You, there! Yes, You!
How then is it that we have derived from this idea of essence and being the idea of the nature of the individual person? The conception of one thing’s essence is immensely practical given the cognitive ability to make distinctions between one thing and another. With this formula, one could begin to identify not only oneself, but also the self or being of other things as they can be made distinct from oneself. This can be referred to as naming, though the conceptual distinctions go much farther than simply giving names to objects and phenomena. For instance, the being of self-consciousness (more colloquially called self-awareness) is individualistic by illusory abstraction, meaning the Self, or essence of being, is shared in totality by all subjects and persons rather than divided or appearing as separate instances among each particular organism that is self-conscious. Each person is an expression of the one and only Self, yet symbolically representative of its unity and wholeness in being in many different ways. This is why and the degree to which various groups of individuals develop unique cultures and social norms of manners and mannerisms, for the being of a person is the manner in which they exist. Regardless of the superficial differences in how we may exist, it is true of every person, insofar as they are a person, to say “I am” and “You are”. Whatever may follow those words are only representations of the state of one’s being.
The Soul; Sole Being
Following from the idea that if there is anything at all then what it is can be equated to the existence of one thing from which the conceptual distinction of “many things” is abstractly extrapolated, one can find a certain metaphysical argument underlying the use of the psyche as something equal to the mind and the soul. Whereas the other conceptions of the individual are relatively non-essentialist in that they do not ascribe the existence of an essential substance to individuality, the psyche as soul and mind can be said to be essentialist in substance primarily considering that experience often manifests itself in our awareness by means of (at least) physical dimensions. The notion of an immaterial soul or metaphysical mind directly implies a dualism of physical and metaphysical, material and immaterial; however, this does not imply that either is primary with the other being secondary. The existence of physical and non-physical realities is ultimately another conceptual distinction, and a cause for paradoxical reasoning about existence, such as the conclusion that if everything is of the same reality, then there is no reasonable distinction between the physical and the metaphysical. This is reasoned to be so because so long as a substance can be found, the “thing” can be categorized as physical, but the origin of substances and the potential lack of awareness of a certain substance suggests a metaphysical quality to that which we simply have not found yet. If all of one’s experience is an interpretation of the mind’s perception of sense information, then the physical world by which the senses receive information from external objects to be perceived using the mechanism of a substance called a nervous system is also an interpretation of information. Information is therefore the most fundamental aspect of existence, and therefore reality, because one cannot be aware of anything’s existence unless one is able to process the accessible information regarding its existence.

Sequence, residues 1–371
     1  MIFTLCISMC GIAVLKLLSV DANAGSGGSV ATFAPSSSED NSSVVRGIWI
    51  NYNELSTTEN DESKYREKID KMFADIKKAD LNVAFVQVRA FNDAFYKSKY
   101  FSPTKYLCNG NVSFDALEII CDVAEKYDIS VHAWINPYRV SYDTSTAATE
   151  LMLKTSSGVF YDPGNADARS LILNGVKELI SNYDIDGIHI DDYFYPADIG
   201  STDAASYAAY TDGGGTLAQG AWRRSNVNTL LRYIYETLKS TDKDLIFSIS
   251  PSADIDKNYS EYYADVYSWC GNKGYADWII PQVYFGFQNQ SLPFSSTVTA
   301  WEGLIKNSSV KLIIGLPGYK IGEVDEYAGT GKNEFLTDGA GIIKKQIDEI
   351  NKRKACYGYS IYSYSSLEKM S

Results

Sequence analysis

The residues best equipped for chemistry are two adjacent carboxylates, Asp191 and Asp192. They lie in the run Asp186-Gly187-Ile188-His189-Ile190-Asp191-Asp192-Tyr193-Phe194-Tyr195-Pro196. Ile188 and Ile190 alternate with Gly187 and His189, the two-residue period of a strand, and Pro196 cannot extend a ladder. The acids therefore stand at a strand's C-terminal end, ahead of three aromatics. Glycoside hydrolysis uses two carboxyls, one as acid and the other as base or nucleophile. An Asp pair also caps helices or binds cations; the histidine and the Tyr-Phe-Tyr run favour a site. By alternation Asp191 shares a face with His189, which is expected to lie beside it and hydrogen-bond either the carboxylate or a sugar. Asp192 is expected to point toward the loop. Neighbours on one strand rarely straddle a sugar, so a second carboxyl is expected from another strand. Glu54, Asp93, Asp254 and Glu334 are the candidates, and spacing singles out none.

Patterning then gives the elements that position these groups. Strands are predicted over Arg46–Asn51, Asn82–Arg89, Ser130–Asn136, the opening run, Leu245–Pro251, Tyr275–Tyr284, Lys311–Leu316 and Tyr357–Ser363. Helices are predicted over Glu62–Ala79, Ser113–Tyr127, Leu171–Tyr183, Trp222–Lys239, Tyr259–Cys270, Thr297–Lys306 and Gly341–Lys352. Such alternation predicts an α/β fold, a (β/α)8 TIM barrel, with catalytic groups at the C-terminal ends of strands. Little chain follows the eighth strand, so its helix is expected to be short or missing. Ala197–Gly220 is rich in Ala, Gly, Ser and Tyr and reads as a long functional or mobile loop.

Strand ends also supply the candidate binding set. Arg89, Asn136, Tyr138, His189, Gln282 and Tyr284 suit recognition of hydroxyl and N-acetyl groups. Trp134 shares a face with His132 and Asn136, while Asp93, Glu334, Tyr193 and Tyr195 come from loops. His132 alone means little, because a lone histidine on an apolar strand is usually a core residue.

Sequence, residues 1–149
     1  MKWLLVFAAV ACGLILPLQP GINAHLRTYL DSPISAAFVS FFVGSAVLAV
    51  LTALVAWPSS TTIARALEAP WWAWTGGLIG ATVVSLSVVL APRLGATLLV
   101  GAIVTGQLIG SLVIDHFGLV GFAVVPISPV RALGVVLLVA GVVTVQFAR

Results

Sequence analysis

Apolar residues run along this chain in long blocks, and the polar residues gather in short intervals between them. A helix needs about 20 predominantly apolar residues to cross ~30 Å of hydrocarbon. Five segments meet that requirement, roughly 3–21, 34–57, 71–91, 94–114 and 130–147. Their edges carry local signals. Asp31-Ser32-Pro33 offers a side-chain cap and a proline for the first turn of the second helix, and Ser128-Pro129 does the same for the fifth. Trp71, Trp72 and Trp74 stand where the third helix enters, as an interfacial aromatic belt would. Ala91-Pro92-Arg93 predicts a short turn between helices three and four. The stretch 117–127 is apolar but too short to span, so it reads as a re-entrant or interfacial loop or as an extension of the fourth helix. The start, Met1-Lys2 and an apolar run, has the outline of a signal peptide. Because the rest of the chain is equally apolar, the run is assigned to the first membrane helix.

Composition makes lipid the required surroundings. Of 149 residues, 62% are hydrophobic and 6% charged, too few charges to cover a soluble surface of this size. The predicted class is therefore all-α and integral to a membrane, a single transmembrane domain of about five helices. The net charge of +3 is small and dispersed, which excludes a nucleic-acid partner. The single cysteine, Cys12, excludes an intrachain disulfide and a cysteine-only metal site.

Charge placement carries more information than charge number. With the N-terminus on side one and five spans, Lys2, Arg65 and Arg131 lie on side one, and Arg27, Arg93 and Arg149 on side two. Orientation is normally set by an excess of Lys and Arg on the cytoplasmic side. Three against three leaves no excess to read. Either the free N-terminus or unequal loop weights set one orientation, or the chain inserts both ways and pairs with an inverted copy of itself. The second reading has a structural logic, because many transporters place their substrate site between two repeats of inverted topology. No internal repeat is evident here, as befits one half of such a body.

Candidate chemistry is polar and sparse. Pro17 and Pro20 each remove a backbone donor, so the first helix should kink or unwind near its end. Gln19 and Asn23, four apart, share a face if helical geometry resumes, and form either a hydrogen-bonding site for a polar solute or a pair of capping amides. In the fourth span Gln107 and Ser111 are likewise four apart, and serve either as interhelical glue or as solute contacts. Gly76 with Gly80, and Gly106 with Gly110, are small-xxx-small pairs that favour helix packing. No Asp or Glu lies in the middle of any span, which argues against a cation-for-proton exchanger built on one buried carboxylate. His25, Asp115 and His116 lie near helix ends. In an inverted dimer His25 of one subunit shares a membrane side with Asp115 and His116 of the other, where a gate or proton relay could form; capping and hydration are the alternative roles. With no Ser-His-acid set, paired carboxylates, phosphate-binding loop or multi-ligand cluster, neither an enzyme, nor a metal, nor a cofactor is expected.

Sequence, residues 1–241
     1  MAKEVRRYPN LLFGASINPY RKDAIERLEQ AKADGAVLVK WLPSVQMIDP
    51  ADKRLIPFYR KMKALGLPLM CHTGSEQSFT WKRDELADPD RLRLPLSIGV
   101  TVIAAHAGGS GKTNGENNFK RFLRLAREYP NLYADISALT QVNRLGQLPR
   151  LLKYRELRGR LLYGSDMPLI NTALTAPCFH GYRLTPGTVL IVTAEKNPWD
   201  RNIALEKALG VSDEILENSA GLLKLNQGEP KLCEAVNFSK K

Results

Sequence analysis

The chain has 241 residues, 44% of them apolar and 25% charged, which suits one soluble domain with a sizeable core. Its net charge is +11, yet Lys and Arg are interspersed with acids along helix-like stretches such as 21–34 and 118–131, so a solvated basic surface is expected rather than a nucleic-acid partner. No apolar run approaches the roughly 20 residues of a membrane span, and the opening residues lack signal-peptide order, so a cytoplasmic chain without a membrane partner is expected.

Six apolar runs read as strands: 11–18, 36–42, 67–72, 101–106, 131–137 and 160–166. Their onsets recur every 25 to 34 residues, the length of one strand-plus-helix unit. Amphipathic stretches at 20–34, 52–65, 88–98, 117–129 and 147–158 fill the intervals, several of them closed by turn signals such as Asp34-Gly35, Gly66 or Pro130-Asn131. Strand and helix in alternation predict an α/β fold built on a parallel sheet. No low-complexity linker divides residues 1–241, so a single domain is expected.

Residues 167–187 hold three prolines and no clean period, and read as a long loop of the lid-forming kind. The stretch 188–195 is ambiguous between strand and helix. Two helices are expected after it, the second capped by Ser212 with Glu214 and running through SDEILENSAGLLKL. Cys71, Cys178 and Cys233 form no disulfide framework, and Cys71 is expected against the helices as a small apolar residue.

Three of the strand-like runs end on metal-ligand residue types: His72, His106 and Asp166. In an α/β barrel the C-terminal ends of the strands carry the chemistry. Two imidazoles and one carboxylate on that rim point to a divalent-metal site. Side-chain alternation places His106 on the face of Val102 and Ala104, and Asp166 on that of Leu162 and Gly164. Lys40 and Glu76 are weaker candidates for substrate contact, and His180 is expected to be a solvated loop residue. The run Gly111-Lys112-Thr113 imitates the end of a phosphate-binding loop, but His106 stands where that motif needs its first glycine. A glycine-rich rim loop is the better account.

I will not explore the question of whether this metaphysical interpretation is reliable, as it seems to be a dead-end leading back to the claim that one must on principle trust the senses because their explicit purpose is to accurately convey the information of existence to the observer/perceiver, and if one cannot trust one’s own senses, then how can one trust the idea of empirical reasoning and the sensation of doubt in one’s ability to perceive or sense at all. Instead, I will use the concept of the phaneron to explore the understanding of the individual as being the soul of existence, the essence from which the entirety of reality, per experience, is manifested.
Assuming throughout your lifetime you only ever experience existence as yourself, you are the primary individual reality as demonstrated by your mind’s localization in your particular organism. Since no aspect of existence outside of the phaneron, or the representation of reality as simulated/hallucinated by your mind, can be known to exist in form or substance, it is for all intents and purposes an extension of your mind’s functions and content. This is similar to the solipsistic view of reality in which the person who experiences reality is the only “real” person who truly exists (everyone else is mimicking conscious life), but I will explain how it differs.